Student loan crisis: causes and solutions
Student loans have been part of the college financing mix for a long time.
The detail that is getting so much attention in the national headlines and social media is in the staggering amounts of student loans that college students and recent graduates have taken out in recent years.
The public discussion typically focuses on two questions: “How did this happen?” and “What can be done about it?”
Monroe on a Budget special report
That’s why my special report for The Monroe Evening News and Monroe on a Budget for summer 2012 was on the student loan crisis. This is the reader pitch I sent out on our news and social media feeds:
I am working on a special report on student debt for The Monroe Evening News and Monroe on a Budget.
The topics will include how and why today’s college students got caught in a perfect storm of bad financial circumstances, what it will take for them to pay down high loan balances, and what can be done to lessen the debt burden for future students.
If you are a current college student or recent graduate in Monroe County, Mich., or parent whose student is in that demographic, I’d like to hear from you and include your family’s experiences in the news coverage. Contact me, Paula Wethington, at (734) 240-5745 or at firstname.lastname@example.org.
The special report was published in The Monroe Evening News Sunday Aug. 12. Here are the links on our newspaper’s site:
- MonroeNews.com: Student loan debt crisis hits home in Monroe County and Dealing with debt.
On the blog, I combined the package into one post: Special report: Student loan crisis hits home in Monroe County MI.
In the meantime
As I started project, I began this sidebar to link up to related articles from the archives of Monroe on a Budget and various news and research organizations.
I was particularly interested in the Michigan angles. I also was particularly interested in those who were in college or graduated during the recession. Those economic circumstances had a huge impact on how college students paid for their expenses or could pay back student loans.
Another detail I was aware of is that CNN called 2008 “the most competitive year ever for college admissions” with a record number of applicants for fall semester slots. The high school class of 2008 who finished a university degree in four years would have been in the college graduation class of 2012.
I’ve also been watching this situation from the perspective of a parent. My daughter graduated from high school in 2007, earned her bachelor’s degree in 2011, and earned her masters degree in 2013.
These links include discussions on the collapse of the Michigan Promise Grant in 2008, the impact that the recession had on parents’ finances and scholarship funds, the changes that happened to federal student loans in 2010, shifts in the private student loan market in recent years, and the trend of college internships becoming unpaid opportunities rather than money-making ones.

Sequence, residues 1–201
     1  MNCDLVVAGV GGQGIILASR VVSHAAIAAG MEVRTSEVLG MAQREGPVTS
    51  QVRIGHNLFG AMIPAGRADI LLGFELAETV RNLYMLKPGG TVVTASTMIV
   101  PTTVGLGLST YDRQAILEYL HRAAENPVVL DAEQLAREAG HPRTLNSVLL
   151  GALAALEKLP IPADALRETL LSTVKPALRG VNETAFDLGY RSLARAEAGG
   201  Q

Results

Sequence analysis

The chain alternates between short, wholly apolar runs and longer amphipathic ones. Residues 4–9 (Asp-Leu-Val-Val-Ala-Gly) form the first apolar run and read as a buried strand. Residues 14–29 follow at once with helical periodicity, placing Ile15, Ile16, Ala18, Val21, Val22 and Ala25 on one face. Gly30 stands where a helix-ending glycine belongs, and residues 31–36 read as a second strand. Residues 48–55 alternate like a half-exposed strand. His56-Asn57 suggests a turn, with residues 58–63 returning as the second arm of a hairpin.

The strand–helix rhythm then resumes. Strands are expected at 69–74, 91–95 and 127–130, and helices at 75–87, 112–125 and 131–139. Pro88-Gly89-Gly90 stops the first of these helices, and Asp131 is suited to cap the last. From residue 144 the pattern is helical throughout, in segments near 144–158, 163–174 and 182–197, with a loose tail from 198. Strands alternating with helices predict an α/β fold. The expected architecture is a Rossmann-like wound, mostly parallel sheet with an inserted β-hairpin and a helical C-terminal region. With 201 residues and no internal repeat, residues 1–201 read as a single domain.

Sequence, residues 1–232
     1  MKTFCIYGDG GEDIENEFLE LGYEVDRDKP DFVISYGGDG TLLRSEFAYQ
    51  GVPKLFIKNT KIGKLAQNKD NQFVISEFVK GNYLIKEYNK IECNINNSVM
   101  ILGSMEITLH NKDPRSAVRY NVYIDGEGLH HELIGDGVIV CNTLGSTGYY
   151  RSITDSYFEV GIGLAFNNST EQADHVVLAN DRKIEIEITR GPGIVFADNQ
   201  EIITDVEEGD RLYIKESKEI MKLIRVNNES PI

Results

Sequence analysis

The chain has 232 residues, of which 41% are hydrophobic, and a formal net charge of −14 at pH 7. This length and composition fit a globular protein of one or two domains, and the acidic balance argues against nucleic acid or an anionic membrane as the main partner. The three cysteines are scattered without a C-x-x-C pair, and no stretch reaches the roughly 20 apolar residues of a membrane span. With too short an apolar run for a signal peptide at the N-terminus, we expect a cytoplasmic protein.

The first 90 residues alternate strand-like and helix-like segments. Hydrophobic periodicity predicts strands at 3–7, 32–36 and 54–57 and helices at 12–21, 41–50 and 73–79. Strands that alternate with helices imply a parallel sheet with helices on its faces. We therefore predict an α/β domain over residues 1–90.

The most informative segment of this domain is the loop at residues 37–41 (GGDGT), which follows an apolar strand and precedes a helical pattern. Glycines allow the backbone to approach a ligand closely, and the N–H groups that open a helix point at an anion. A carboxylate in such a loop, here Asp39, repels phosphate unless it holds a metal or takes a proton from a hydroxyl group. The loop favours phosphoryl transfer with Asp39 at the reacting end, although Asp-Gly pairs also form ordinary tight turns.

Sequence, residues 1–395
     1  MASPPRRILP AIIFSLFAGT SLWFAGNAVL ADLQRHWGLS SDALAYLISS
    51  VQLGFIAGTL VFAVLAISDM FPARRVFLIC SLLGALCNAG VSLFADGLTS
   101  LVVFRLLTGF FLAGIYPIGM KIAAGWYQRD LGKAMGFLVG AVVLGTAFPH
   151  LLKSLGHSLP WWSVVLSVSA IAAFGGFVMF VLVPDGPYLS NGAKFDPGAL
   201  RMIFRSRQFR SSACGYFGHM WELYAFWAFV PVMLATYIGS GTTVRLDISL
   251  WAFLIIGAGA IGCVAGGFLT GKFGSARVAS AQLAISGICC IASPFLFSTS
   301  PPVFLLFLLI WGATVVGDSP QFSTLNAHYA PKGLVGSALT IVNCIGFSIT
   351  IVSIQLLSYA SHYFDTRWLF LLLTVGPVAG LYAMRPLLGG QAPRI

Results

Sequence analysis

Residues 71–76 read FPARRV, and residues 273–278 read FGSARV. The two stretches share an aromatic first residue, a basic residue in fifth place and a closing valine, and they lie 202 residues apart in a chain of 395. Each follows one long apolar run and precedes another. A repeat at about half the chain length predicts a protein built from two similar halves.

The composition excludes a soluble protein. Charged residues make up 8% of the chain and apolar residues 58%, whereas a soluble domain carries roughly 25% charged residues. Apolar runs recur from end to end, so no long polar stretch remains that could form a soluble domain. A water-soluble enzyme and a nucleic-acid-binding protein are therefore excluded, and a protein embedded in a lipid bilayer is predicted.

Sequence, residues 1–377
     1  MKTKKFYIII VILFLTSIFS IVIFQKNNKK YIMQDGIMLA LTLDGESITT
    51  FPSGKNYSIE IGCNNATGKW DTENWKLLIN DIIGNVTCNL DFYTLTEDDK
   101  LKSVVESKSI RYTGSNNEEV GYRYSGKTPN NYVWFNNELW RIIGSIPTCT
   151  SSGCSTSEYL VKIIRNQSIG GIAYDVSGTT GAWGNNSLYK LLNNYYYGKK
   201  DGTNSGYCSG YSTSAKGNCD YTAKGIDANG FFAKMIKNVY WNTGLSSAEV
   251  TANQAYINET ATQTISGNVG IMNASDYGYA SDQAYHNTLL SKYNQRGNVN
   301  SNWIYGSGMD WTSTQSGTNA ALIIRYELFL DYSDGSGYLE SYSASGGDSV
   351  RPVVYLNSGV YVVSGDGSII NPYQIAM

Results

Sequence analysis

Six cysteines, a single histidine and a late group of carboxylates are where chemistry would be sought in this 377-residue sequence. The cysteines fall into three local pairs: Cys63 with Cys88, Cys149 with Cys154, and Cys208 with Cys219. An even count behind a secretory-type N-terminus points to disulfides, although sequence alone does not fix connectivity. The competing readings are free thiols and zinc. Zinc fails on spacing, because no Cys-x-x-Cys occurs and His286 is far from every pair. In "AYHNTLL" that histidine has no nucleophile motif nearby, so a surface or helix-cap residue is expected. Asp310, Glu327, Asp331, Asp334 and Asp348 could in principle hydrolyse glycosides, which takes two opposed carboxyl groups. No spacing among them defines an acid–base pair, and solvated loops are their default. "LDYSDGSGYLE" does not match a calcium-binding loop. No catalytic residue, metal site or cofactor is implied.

- A bachelor’s degree in three years? It’s possible, but …
- A reader’s frustrations on college aid.
- ABC News: Is your student loan safe?
- AP: Credit crunch has arrived on campus (2008-09 school year)
- AP: The side effects of avoiding college student debt.
- Big changes on college loans for 2010-11.
- “But I’m not paying for my kids’ college expenses. Why do I have to file FAFSA?”
- College aid programs come and go on short notice.
- Dave’s Stupid Tax series: credit cards + college = disaster.
- Detroit News: College students scramble for funds.
- Detroit News: Michigan economic slump opens doors for interns.
- Detroit News: Students criticize new Michigan Promise proposal.
- Diane Rehm show on student loan overhaul.
- College financing 2008-09: rising tuition in Michigan.
- College financing 2008-09: the rules have changed.
- College financing 2008-09: the student loan crisis.
- Four college financial aid myths and realities.
- Fortune: Get an internship or wait tables?
- Freep’s database of students at Michigan schools who take out student loans.
- Freep: For many middle-income families, college is out of reach.
- Freep: Wayne State to cover 800 Promise Grants.
- How to interpret college financial aid offers.
- Michelle Singletary takes on the question: Should parents pay for college?
- Michigan Tuition Grants fizzling out.
- Newsweek: Can you afford to be a summer intern?
- NPR: Credit crisis shakes student loans.
- NYT: College kids who pay money for unpaid internships.
- Part-time jobs are still part of the college money mix.
- Private student loan discussions posted by Consumer Financial Protection Bureau.
- Sandra Block: New rules on the student loans (2010 changeover).
- Unpaid internships getting more scrutiny.
- USA Today: Private student loans edge back into market.
- What’s happening to the scholarship funds?
- When college plans go to plan B.
- When “full time” college class schedules don’t get you graduating on time.
The financial implications of dropping out of college, or even stopping out for a short time with plans to return, need to be considered in any discussion about student loans.